Those under 35 or so are projected to pay 10% more taxes in their lifetimes to get a similar level of government services.

I also agree that private innovation is more efficient, though, it would mean that we could be at risk of another country without openness using such innovation against us. There is a reason that large industrial endevours like nuclear, air and space transport, and communications are often run under government auspices as there are often military side projects off these that are of interest from a tactical perspective.

For example, the diversion of nuclear material for weapons, space flight is easily re-purposed for ICBM use, and, well as of a few months ago, we need not speak of government and communications. I make no claims as to this being the way things should be, but given human nature, I am hardly surprised.

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Re: humanity in space

social issues? like "why are you discriminating against me? Because I don't believe in mutant space goats?'

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Re: As an intellectual and technological excercise...

Whenever you pour money into doing cutting edge stuff the chance to explore new untried ways of doing things occurs.

It doesn't HAVE to be military. But traditionally it oftens has been.

- Radar

- Spread spectrum radio

- GPS

- The integrated circuit.

- The internet.

- Nuclear power

- Early robotics

These are all ideas that got their first airing as part of defence programs.

Against that you have a few technological breakthroughs that are only partly associated with the military

The Laser - originally it was the Maser a useful thing for radar, but laser development was entirely civil up to star wars time.

Most biotech.

Web applications and the like.

But these last would not have been available without te enabling technology of IC based computing and teh internet.

The military spend creates enabling technologies which are then adapted to civil uses.

And that is because military needs are civil needs as well. To carry a load of bombs a long distance in WWII large 4 engine bombers with extreme range were developed, They are in they end practically airliners - remove the bomb bays and add seats , pretty hostesses, and a pressure skin and there you are.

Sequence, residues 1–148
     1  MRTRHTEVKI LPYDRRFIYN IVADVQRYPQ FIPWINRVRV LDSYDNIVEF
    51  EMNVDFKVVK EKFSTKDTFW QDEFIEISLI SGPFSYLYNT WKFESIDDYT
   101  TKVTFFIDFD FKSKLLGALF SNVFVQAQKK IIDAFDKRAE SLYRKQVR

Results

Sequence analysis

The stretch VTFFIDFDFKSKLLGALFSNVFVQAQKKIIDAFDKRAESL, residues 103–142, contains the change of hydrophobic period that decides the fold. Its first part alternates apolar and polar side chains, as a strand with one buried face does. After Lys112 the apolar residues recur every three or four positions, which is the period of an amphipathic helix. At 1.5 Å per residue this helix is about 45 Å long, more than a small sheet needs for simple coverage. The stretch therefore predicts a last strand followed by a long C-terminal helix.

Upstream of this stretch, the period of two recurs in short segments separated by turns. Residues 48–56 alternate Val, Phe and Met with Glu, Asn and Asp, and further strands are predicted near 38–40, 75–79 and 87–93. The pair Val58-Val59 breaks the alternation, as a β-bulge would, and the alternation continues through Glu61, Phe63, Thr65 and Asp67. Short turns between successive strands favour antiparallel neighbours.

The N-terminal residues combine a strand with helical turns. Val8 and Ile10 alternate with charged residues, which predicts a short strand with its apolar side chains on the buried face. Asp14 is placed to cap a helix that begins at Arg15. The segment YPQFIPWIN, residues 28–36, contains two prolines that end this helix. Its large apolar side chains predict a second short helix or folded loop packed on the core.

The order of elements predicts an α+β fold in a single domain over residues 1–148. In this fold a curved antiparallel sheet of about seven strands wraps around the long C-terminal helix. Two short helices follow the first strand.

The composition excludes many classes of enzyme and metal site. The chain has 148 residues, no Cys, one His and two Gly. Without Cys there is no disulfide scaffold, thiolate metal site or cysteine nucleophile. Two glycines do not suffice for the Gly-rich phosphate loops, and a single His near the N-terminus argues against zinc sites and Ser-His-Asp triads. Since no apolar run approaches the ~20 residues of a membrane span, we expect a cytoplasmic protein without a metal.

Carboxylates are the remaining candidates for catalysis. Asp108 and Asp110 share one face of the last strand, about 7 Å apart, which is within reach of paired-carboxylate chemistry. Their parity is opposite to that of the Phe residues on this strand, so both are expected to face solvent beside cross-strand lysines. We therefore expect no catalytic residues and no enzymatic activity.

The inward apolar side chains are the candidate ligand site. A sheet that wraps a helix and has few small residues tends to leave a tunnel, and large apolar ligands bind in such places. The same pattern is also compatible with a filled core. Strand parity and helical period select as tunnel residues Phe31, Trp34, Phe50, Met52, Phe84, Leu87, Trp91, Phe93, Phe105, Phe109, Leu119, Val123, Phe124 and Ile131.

Accurate global positioning is a must for long range weapons. Its jolly useful for hill walkers in fog, too.

This isn't a justification for military spend per se, but it is a justification for targeted application of large sums of money towards developing technology that can in the end repay the investment a miillion times more effectively than simply keeping a few more people on the dole at a slightly higher level of comfort.

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Re: humanity in space

"You mean you don't look forward to sharing a cabin with Simon Cowell for six months...?"

Depends on the 'toys' I can take.

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Re: As an intellectual and technological excercise...

"False dichotomy fallacy. Many more technological marvels of the 20th century were the result of non-military research. The counterfactual is: if the money had been left in the economy, what would people have come up with, quite probably more efficiently?"

YES! YES! YES! ('D.A.M.', have my babies!) :-)

This has always been a bugbear of mine - not specifically relating to military spending.

The number of times some project is defended with 'think of the benefits to other stuff that our consequential inventing of x...y....z... has given'

My response is that if the project had simply concentrated on developing x...y...z... in the first place, it would have been cheaper, and likely better.

Another one I hear is 'I do the lottery to help good causes'